Land Bird Conservation Plan Colorado  

Executive Summary
Overview of Colorado
Physiographic Region 36
Physiographic Region 62
Physiographic Region 87

  • Cliff/Rock
  • Lowland Riparian
  • Mountain Shrubland
  • Pinyon-Juniper
  • Ponderosa Pine
  • Sagebrush Shrubland
  • Semidesert Shrubland
  • Wetlands


  • Implementation Strategies
    Literature Cited
    Appendices

    Physiographic Region 87: Colorado Plateau

    Lowland Riparian

    Description and Ecology: Lowland riparian forests border stream systems as they flow out of the foothills onto the eastern plains and into the San Luis Valley and valleys on the Western Slope. The lowland riparian forests on the Western Slope generally consist of Rio Grande cottonwoods with an understory of willows and a mixture of red-osier dogwood, buffaloberry, skunkbrush, greasewood, and other shrubs (Andrews and Righter 1992, Kingery 1998). Salt cedar and Russian-olive are exotics that are now major components of lowland riparian communities. Russian knapweed has become a ubiquitous exotic forb in lowland riparian zones.

    Various sources report that riparian forests comprise less than 3% of the total landscape, but up to 80% of the resident bird species use them for some part of their life cycle. Birds use this habitat for nesting, cover, resting, migration stopover areas, and migration corridors. This system has the richest avian species component of any of Colorado's habitats. The most frequently detected species in lowland riparian forests in Physiographic Area 87 include American Kestrel, Western Screech-Owl, Great Horned Owl, Mourning Dove, Northern Flicker, Western Wood-Pewee, Western Kingbird, Eastern Kingbird, House Wren, Black-billed Magpie, American Robin, Yellow Warbler, Blue Grosbeak, and Bullock's Oriole (Andrews and Righter 1992, Krueper 1995, Howe 1996, Kingery 1998).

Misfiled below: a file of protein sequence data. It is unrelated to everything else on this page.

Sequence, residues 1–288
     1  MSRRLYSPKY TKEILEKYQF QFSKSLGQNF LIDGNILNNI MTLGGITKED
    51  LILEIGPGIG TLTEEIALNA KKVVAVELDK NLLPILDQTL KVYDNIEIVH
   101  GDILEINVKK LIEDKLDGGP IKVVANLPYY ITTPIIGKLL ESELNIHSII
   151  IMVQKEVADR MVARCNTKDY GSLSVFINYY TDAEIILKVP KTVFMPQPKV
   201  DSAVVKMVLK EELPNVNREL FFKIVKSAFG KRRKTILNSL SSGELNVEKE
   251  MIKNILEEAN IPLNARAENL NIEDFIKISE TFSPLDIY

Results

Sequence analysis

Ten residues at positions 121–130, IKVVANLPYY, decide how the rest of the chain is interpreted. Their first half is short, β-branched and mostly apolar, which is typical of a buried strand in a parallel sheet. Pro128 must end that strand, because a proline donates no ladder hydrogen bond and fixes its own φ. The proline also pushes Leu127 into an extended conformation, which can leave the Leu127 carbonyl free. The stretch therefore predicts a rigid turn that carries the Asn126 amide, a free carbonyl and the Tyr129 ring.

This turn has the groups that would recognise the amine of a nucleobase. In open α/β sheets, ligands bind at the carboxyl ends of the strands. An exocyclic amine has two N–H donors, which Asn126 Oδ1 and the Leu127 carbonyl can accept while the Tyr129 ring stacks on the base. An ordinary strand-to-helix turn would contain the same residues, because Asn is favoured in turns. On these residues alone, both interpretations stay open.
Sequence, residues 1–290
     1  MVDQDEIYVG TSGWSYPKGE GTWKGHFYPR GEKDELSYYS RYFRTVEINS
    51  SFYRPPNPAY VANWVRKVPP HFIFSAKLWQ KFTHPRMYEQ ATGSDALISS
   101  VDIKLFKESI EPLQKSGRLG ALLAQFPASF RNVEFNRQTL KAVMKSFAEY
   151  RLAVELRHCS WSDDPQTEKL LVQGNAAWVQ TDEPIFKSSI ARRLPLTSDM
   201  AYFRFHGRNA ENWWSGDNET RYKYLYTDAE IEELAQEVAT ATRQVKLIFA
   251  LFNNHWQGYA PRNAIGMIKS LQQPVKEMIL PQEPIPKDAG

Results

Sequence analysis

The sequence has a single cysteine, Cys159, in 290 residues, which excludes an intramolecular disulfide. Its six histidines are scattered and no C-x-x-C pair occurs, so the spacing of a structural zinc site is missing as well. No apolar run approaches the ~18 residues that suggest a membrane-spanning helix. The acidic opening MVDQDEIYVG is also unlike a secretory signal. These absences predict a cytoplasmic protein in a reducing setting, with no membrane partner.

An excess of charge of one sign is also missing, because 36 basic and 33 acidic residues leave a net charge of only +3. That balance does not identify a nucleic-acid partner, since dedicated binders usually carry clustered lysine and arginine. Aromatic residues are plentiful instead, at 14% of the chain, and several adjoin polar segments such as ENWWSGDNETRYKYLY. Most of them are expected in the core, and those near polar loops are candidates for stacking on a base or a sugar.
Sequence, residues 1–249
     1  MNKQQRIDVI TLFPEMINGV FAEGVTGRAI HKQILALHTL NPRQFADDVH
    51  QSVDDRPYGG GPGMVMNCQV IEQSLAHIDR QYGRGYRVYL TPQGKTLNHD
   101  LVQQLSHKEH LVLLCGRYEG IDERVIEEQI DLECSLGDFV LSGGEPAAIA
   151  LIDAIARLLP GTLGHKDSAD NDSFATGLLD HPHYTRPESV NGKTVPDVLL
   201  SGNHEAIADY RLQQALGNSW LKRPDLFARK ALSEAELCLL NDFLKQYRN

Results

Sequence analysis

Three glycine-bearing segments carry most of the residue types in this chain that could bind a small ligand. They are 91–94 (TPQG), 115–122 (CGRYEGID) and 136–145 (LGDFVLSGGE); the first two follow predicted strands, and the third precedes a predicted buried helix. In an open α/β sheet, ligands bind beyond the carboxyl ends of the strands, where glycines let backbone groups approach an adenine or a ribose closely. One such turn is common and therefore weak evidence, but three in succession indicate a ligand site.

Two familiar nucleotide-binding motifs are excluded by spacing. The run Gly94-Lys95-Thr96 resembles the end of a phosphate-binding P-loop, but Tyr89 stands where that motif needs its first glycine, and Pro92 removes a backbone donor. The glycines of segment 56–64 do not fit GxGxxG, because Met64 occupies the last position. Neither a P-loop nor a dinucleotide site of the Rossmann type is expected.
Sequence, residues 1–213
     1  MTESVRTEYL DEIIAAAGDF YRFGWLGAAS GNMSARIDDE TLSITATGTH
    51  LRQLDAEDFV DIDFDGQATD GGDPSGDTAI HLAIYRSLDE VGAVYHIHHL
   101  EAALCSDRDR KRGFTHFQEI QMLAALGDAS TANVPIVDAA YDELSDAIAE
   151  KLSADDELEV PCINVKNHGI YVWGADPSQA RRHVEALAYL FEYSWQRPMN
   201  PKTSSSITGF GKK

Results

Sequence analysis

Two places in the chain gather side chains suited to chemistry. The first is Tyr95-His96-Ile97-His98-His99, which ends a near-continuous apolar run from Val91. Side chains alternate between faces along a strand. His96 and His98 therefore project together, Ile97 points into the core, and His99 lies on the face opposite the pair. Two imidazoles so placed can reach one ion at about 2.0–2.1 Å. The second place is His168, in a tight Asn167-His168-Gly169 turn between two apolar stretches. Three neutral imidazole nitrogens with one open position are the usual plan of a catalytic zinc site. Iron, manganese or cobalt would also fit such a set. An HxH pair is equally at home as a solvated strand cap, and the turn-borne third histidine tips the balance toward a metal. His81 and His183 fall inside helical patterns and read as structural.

Importance and Conservation Status: Lowland riparian systems provide dispersal corridors for woodland birds across otherwise treeless terrain. Well-defined, unique, and highly productive, riparian zones areas are sensitive to disturbance (Melton et al. 1984).

    Riparian ecosystems are highly important areas for both humans and wildlife. During historic times, humans have used riparian zones intensively for many different purposes. They have been substantially altered to create residential, industrial, and recreational developments and to create highways and gravel mines. Riparian zones are convenient locations for those activities. They are also productive areas for domestic livestock grazing. However, the impacts of domestic livestock are not as dominant as in high elevation riparian zones (Melton et al. 1984, Wozniak 1995).

    Unlike the high elevation riparian habitat in Colorado, much of the lowland riparian ecosystem is in private ownership. Consequently it is much more susceptible to loss and degradation by urban and industrial development, mining, road and trail development, and recreational development.

    Priority Species Accounts: Two species are identified as high priority in lowland riparian habitats in Physiographic Area 87: Lewis's Woodpecker and Western Kingbird.


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